Joseph R McCarthy: ‘Ancestor’ Of Trump’s Paranoid Style Of Politics

Republican Senator Joseph R McCarthy died in 1957 but the terms McCarthyism and McCarthy’s tactics entered the political lexicon to describe witch hunts involving public accusations of disloyalty or subversion without sufficient proof

Joseph R McCarthy was an obscure Republican Senator

By Sameer Arshad Khatlani

Joseph R McCarthy was an obscure Republican Senator until he began using dubious means to prosecute government employees after publicly accusing them of disloyalty. In February 1950, he claimed to have a list of 205 card-carrying Communists in the United States (US) State Department.

What followed were witch hunts that gained McCarthy notoriety. McCarthy would hold hearings on Communist subversion as the Senate Permanent Investigation Subcommittee chairman and probe ‘Communist infiltration’ of the armed forces.

The witch hunts coincided with heightened paranoia about Communism. The obsession came to be referred to as the ‘Red Scare’ amid the Cold War—the rivalry between the capitalist US, the Marxist-Communist state of the Soviet Union, and their allies that brought the world to the brink of nuclear war.

McCarthy died in May 1957 three years after the US Senate censured him. But the terms McCarthyism and McCarthy’s tactics would enter the political lexicon to describe witch hunts involving public accusations of disloyalty or subversion without sufficient proof and unfair methods of probe to suppress opposition.

McCarthyism gained fresh currency when President Donald Trump took office in 2017. Trumpism, or ‘hysterical intolerance‘, as the City University of New York Professor Peter Beinart described it in The Atlantic, drew parallels with McCarthyism as the former US president built his political career ‘on demagoguery, intimidation, and a cult of personality—not tangible achievements or coherent ideas.’

McCarthyism was back in the spotlight thanks to Christopher Nolan’s acclaimed movie Oppenheimer based on American quantum physicist J Robert Oppenheimer, the father of the atomic bomb. Oppenheimer was a celebrated hero of science, who headed the research and development of the atomic bomb amid fears that Hitler’s Nazi Germany would do it first during the Second World War, before McCarthy brought him down.

Oppenheimer was suspected of being a Soviet spy amid fears over the strides the Soviets had made in atomic weaponry. He chose to defend himself at a secret hearing against charges of being a security risk and became a victim of the McCarthy witch-hunts. Oppenheimer ignored fellow physicist Albert Einstein’s suggestion against doing so. Einstein thought Oppenheimer had no obligation to subject himself to the witch hunt and to a kangaroo court.

Oppenheimer was publicly humiliated in 1954. The Atomic Energy Commission (AEC) deemed Oppenheimer to be a security risk by a vote of 2 to 1 as he spoke out against a nuclear arms race. Oppenheimer earned the ire of the American national security establishment when he called the atomic bomb a weapon for aggressors and criticized the building of a ‘super’ hydrogen bomb.

Oppenheimer argued the atomic bomb dropped on the Japanese city of Hiroshima, which along with that on Nagasaki left an estimated 100,000 to 200,000 people dead, was used ‘against an essentially defeated enemy.’

The AEC would eventually revoke Oppenheimer’s security clearance in 1954 after 19 days of secret hearings. It blocked his access to atomic secrets and ended his career. Oppenheimer died 13 years later in 1967 at 62. His resistance to early work on the hydrogen bomb was cited as a key element in the case.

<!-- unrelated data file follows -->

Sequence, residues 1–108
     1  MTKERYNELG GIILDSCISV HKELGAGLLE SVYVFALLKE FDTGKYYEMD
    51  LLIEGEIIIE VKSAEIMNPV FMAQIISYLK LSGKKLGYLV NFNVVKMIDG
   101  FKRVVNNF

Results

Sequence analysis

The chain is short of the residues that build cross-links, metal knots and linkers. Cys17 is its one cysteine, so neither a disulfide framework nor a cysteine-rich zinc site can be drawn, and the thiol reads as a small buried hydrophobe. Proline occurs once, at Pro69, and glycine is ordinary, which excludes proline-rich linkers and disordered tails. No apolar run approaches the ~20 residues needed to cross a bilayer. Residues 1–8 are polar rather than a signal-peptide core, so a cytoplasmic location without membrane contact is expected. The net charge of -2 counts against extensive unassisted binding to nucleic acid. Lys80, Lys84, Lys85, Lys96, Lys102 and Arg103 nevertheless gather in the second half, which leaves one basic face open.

But no evidence came to light to back the spy charge. The 1954 revocation of Oppenheimer’s security clearance was eventually nullified in December 2022. Oppenheimer was cleared of the charges which were found to be the result of a ‘flawed process’ violating regulations. Evidence showed the process was biased and unfair while affirming Oppenheimer’s loyalty and patriotism.

Oppenheimer’s early views on the hydrogen bomb were found to have had an adverse effect on the recruitment of scientists and the progress of the scientific effort. But material declassified in 2014 suggested that Oppenheimer opposed the hydrogen bomb project on the basis of technical and military grounds. The opposition had nothing to do with Oppenheimer’s Soviet sympathies.

Oppenheimer was cleared of the allegations of spying months before the movie on him was released. Kai Bird, the co-author of the 2005 Pulitzer Prize-winning biography American Prometheus: The Triumph and Tragedy of J Robert Oppenheimer that the movie is based on, told The New York Times that he was overwhelmed with emotion over the clearance.

In a separate op-ed in the Times titled ‘The Tragedy of J Robert Oppenheimer’, Bird on July 17, 2023, called Oppenheimer’s life story relevant to current political predicaments as a political movement characterized by rank know-nothing, anti-intellectual, xenophobic demagogues destroyed the scientist.

Bird called the witch-hunters of the 1950s direct ancestors of current American political actors of a paranoid style. He referred to Roy Cohn, McCarthy’s chief counsel, who tried to subpoena Oppenheimer in 1954, only to be warned that this could interfere with the impending security hearing.

Bird noted Cohn taught Trump his ‘brash, wholly deranged style of politics‘ while recalling the former president’s fact-challenged comments days before The Economist called plans for Trump’s second term alarming in its July 15-21, 2023, edition. He called this a worldview proudly scornful of science. Bird wrote what happened to Oppenheimer also damaged their ability as a society to debate honestly about scientific theory — the very foundation of the modern world.

Sameer Arshad Khatlani is a journalist and the author of The Other Side of the Divide

Leave a Reply